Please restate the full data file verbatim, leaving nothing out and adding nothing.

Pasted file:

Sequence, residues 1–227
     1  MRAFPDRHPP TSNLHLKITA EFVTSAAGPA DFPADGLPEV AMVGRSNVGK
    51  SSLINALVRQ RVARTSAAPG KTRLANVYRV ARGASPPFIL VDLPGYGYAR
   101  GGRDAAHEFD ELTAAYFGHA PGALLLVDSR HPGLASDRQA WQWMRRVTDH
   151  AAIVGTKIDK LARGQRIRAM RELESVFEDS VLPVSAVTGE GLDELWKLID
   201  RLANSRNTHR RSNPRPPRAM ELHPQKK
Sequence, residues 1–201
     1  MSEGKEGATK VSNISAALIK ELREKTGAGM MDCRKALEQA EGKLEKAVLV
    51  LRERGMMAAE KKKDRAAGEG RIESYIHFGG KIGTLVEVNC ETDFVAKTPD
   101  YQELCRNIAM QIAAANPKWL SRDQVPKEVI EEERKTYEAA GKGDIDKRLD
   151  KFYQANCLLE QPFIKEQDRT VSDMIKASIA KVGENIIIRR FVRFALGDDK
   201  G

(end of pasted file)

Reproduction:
Sequence, residues 1–227
     1  MRAFPDRHPP TSNLHLKITA EFVTSAAGPA DFPADGLPEV AMVGRSNVGK
    51  SSLINALVRQ RVARTSAAPG KTRLANVYRV ARGASPPFIL VDLPGYGYAR
   101  GGRDAAHEFD ELTAAYFGHA PGALLLVDSR HPGLASDRQA WQWMRRVTDH
   151  AAIVGTKIDK LARGQRIRAM RELESVFEDS VLPVSAVTGE GLDELWKLID
   201  RLANSRNTHR RSNPRPPRAM ELHPQKK
Sequence, residues 1–201
     1  MSEGKEGATK VSNISAALIK ELREKTGAGM MDCRKALEQA EGKLEKAVLV
    51  LRERGMMAAE KKKDRAAGEG RIESYIHFGG KIGTLVEVNC ETDFVAKTPD
   101  YQELCRNIAM QIAAANPKWL SRDQVPKEVI EEERKTYEAA GKGDIDKRLD
   151  KFYQANCLLE QPFIKEQDRT VSDMIKASIA KVGENIIIRR FVRFALGDDK
   201  G